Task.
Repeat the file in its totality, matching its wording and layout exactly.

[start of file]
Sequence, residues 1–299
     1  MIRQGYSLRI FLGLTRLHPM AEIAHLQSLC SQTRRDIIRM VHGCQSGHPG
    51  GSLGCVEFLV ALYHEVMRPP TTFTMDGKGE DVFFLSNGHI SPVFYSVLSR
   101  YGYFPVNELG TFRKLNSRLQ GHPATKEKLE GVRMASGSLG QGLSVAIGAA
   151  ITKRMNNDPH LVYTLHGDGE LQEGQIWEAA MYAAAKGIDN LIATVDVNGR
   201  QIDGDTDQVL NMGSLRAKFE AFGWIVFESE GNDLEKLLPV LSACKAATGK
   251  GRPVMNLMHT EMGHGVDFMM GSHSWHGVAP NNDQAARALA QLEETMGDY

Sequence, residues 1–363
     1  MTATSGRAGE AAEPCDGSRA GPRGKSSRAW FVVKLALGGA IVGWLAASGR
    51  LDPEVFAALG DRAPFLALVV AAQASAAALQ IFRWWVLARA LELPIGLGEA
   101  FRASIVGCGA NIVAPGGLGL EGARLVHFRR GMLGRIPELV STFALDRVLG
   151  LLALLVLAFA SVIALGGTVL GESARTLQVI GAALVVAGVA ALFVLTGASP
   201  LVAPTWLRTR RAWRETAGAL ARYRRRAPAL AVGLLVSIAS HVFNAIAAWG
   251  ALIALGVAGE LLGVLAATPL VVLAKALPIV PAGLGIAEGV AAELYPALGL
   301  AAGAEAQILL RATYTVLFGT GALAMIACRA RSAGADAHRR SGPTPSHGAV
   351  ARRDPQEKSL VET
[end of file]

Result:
Sequence, residues 1–299
     1  MIRQGYSLRI FLGLTRLHPM AEIAHLQSLC SQTRRDIIRM VHGCQSGHPG
    51  GSLGCVEFLV ALYHEVMRPP TTFTMDGKGE DVFFLSNGHI SPVFYSVLSR
   101  YGYFPVNELG TFRKLNSRLQ GHPATKEKLE GVRMASGSLG QGLSVAIGAA
   151  ITKRMNNDPH LVYTLHGDGE LQEGQIWEAA MYAAAKGIDN LIATVDVNGR
   201  QIDGDTDQVL NMGSLRAKFE AFGWIVFESE GNDLEKLLPV LSACKAATGK
   251  GRPVMNLMHT EMGHGVDFMM GSHSWHGVAP NNDQAARALA QLEETMGDY

Sequence, residues 1–363
     1  MTATSGRAGE AAEPCDGSRA GPRGKSSRAW FVVKLALGGA IVGWLAASGR
    51  LDPEVFAALG DRAPFLALVV AAQASAAALQ IFRWWVLARA LELPIGLGEA
   101  FRASIVGCGA NIVAPGGLGL EGARLVHFRR GMLGRIPELV STFALDRVLG
   151  LLALLVLAFA SVIALGGTVL GESARTLQVI GAALVVAGVA ALFVLTGASP
   201  LVAPTWLRTR RAWRETAGAL ARYRRRAPAL AVGLLVSIAS HVFNAIAAWG
   251  ALIALGVAGE LLGVLAATPL VVLAKALPIV PAGLGIAEGV AAELYPALGL
   301  AAGAEAQILL RATYTVLFGT GALAMIACRA RSAGADAHRR SGPTPSHGAV
   351  ARRDPQEKSL VET